It is another question if these fears are justified in this form. There are many successful examples of integration, and even in cases when the number of immigrants were way above a few percent of the original population, there was no sign that they hurt the “locals” in the labor market. These examples include the flood of Cubans to Miami and Russian Jews (and non-Jews) to Israel. But on the other hand the integration of France’s population of Arab descent is not an irrefutable success story so far, to a large extent because of labor market problems.

pic2Some countries are better at integration than others… Picture: Vancouversun

Labor markets in Europe should be reformed anyway…

Individual countries (and individuals within countries) of course differ a great deal in their attitudes toward immigration. Also, EU labor markets are not uniform in their structural and cyclical characteristics (Germany for example is in a relatively good cyclical position right now, with low unemployment). But overall Europe is not very good at integrating immigrants into its labor markets and societies. It could learn from places like Canada. And reforming labor markets would worth it even for the sake of native born citizens in many countries where they are not functioning well. Despite the usual misconceptions, there is no fixed number of jobs going around that we need to “share”, and immigrants do consume too. But it is likely that integrating a large number of people would not be a fast process, especially culturally.

Is there a solution that would work even in a shorter run with a large number of immigrants? Maybe the EU should try to establish its very own Hong Kong…

Hong Kong under British rule had a minimal, but strong and relatively well functioning state that guaranteed public safety and property rights and there was a liberal market economy. Hong Kong also had a liberal immigration policy – its population more than tripled in 5 years, from 0.6 million in 1945 to 2.2 million in 1950 as the Communists took over mainland China. It did not have democracy – but there was a British legal system, independent judiciary and a fairly free press. And there was also organized crime and poverty, things are not black and white in real life – but by now Hong Kong is one of the richest countries in the world.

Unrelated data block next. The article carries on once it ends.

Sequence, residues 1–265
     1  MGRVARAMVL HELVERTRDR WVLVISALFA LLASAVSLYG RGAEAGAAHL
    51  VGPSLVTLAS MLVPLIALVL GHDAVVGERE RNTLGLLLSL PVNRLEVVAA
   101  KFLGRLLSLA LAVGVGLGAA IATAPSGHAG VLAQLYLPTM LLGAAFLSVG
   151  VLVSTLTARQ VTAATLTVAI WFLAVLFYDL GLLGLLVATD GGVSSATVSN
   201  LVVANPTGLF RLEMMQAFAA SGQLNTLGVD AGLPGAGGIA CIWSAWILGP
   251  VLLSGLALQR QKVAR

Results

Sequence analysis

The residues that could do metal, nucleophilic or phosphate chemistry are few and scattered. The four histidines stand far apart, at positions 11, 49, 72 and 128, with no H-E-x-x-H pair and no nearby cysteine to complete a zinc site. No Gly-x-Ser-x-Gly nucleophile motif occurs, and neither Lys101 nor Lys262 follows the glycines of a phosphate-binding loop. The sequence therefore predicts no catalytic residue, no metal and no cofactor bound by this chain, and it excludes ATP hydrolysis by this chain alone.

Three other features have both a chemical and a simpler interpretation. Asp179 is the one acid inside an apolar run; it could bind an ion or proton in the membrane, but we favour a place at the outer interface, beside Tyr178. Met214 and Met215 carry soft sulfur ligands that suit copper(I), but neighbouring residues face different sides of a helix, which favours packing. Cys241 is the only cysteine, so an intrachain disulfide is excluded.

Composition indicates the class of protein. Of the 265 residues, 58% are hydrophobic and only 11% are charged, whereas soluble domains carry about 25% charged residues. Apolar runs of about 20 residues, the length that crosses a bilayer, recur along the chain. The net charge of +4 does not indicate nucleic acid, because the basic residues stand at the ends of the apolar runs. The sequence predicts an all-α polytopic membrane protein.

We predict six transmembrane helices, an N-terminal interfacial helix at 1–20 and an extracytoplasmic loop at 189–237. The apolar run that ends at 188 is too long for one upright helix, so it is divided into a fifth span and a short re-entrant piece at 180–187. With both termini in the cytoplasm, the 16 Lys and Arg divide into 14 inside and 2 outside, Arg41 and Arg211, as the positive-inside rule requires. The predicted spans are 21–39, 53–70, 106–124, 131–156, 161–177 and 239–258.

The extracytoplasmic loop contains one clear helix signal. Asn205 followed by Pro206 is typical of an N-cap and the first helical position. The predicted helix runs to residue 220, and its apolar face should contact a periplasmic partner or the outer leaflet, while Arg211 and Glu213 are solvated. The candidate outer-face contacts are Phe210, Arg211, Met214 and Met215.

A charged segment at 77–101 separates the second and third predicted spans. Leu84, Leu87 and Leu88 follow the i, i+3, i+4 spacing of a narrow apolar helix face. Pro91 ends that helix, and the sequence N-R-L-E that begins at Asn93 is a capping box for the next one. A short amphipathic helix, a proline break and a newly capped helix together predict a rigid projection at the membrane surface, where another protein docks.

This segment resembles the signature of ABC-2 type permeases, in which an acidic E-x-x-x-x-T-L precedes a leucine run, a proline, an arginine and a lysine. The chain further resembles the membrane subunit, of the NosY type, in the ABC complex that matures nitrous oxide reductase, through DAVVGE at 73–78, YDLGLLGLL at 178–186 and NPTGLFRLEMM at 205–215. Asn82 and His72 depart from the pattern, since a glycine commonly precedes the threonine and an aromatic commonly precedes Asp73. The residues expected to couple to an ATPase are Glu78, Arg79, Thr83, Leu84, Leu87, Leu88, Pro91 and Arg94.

pic3From rickshaws to cars – Hong Kong made the transition…Picture source: quentinlau.blogspot.hu

The idea of establishing new Hong Kongs (or Singapores) is not new. US economist Paul Romer has been campaigning for years for charter cities (the obligatory TED talk is here). The idea is that investors (and/or their government backers) would lease sovereignty over a track of undeveloped land and they would build a new city there, with free immigration and market-friendly policies. So far only poorer countries came up as potential lessors. Right now Honduras is the most likely location for the first experiments, but the project is not without problems and doubts.